Uplifting if overlong sports tale is an inspiring and extraordinary true story about a homeless African American teen taken in by a rich southern family and groomed for football glory. With a career-best performance by Sandra Bullock and a terrific new talent in Quinton Aaron, The Blind Side represents smart counter-programming from Warners against the New Moon juggernaut on November 20th. Although likely to be dwarfed opening weekend this unforgettable tale of an unlikely human connection could turn in some nice numbers if word of mouth is given time to grow.
Bullock plays a real life, determined and well-to-do white southern woman, Leigh Anne Tuohy, who convinces her husband (Tim McGraw) to take in Michael Oher, a homeless, young, black classmate of her daughter. The family later “adopts” him and nurtures him on the path to a successful high school football career. As he becomes a part of the family, complications arise and his promising college prospects are almost derailed by his lack of education. Tuohy hires a warm-hearted tutor (Kathy Bates) to help him along and the path is set for what eventually turns out to be to creation of a great All-American pro football star.
Based on the book, The Blind Side: Evolution Of A Game by Michael Lewis, the film is smartly written and directed by John Lee Hancock ( The Rookie ) and largely avoids the clichés of the sports drama to become a compelling portrait of an unlikely bond between two people from opposite sides of the tracks. Although it does occasionally fall prey to some genre traps (including way too much football and a couple of corny montage sequences) Hancock keeps the story on course and along the way offers up some pungent observations on the breeding and recruitment of college football stars. When the Tuohy’s motivation for taking in Oher is questioned the film really earns its gravitas.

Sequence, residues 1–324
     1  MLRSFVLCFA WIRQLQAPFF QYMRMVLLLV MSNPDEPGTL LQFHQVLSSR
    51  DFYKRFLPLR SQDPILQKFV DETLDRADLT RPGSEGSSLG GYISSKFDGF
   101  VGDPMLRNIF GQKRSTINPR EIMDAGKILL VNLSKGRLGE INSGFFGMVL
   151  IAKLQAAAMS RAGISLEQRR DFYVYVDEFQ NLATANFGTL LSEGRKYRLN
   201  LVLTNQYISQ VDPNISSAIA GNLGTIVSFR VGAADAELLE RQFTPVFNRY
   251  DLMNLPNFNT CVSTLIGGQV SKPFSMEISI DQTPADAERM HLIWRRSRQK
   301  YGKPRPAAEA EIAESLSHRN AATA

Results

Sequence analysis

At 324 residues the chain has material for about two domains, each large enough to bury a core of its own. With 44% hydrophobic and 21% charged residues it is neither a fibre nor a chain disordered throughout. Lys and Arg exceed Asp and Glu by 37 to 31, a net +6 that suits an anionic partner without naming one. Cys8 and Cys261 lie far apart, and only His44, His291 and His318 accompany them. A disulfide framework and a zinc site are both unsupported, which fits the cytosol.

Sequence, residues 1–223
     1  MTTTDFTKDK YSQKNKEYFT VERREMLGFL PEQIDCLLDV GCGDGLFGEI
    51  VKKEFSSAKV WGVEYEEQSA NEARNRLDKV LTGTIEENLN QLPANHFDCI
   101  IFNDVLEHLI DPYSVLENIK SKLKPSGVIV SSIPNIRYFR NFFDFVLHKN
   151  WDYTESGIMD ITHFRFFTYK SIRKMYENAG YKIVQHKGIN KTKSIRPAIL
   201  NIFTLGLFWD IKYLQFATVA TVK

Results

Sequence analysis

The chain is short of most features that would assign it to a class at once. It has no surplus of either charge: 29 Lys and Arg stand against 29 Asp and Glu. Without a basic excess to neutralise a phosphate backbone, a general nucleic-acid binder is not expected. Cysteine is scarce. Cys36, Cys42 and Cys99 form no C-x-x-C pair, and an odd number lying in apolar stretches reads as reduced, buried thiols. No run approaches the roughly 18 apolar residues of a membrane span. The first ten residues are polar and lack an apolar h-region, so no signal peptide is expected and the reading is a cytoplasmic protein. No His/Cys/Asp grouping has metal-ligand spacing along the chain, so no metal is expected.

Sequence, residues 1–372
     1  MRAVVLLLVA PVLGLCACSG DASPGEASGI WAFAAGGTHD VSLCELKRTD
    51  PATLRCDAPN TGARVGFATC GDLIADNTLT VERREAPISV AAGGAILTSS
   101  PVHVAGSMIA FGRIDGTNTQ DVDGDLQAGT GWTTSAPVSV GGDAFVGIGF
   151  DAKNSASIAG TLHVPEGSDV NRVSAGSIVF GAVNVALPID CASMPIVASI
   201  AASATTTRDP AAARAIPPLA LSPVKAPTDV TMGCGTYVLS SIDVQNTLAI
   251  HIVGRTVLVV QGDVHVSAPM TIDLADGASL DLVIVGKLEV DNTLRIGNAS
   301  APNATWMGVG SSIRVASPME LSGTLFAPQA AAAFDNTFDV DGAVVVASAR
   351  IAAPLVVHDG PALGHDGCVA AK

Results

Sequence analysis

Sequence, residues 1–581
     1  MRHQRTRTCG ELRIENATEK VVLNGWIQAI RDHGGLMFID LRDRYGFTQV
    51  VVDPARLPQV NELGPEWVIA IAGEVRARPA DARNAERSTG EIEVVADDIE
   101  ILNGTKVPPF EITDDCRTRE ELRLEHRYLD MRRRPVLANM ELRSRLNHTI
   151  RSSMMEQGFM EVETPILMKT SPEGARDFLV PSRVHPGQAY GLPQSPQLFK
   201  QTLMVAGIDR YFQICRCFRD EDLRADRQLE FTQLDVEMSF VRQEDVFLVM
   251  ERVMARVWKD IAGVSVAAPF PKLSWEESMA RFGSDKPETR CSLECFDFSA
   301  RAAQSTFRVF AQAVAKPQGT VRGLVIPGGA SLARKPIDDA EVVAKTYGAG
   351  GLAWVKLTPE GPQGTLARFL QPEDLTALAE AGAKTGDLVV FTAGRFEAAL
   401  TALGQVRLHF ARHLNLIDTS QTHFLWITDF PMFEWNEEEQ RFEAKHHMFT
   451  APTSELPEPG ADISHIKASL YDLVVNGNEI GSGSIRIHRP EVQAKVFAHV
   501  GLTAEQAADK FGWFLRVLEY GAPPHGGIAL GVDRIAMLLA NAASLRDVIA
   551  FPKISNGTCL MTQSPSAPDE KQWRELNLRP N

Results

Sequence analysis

Bullock may have found her
in Tuohy, commanding the screen with grit and determination in an Oscar-worthy role if ever there was one. Her southern accent is spot-on and Hancock’s script offers her plenty of crowd-pleasing moments all of which she plays with smarts and conviction. McGraw is pleasant but not much more as an almost too-good-to-be-true dad, while Bates is spirited in the tutor role. The kids are sweet and well-played by Lily Collins and Jae Head as SJ, their young son. Aaron recalls a young Forest Whitaker in his role as Oher, the near homeless kid who rises to the top thanks to the concern of a very special woman. It’s a fine debut. Sharon Morris is quite good as an investigator looking into Oher’s choice of colleges.
In addition to Ray McKinnon as a football coach, a number of famous real-life college coaches also turn up to recruit Oher including Lou Holtz and Houston Nutt.
Considering the family nature of the story, the PG-13 rating seems a little harsh.
Cast: Sandra Bullock, Tim McGraw, Kathy Bates, Jae Head, Lily Collins, Ray McKinnon, Sharon Morris and Quinton Aaron
Director/Screenwriter: John Lee Hancock
Producers: Gil Netter, Andrew A. Kosove and Broderick Johnson
Rating: PG-13 for one scene involving brief violence, drug and sexual references.
Running time: 90 min.
Release date: November 20, 2009